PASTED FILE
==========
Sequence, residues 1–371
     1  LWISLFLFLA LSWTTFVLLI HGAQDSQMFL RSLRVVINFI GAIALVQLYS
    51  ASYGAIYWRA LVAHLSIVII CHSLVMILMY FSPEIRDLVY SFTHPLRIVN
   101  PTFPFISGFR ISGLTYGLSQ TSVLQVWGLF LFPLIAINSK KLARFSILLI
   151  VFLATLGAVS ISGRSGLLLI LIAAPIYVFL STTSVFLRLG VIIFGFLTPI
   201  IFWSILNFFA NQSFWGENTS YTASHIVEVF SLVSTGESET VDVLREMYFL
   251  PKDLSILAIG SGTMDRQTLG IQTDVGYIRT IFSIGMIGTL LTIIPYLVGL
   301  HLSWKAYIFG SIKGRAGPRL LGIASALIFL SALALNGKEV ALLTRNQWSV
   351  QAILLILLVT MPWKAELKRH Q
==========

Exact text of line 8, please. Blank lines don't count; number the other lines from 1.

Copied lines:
   301  HLSWKAYIFG SIKGRAGPRL LGIASALIFL SALALNGKEV ALLTRNQWSV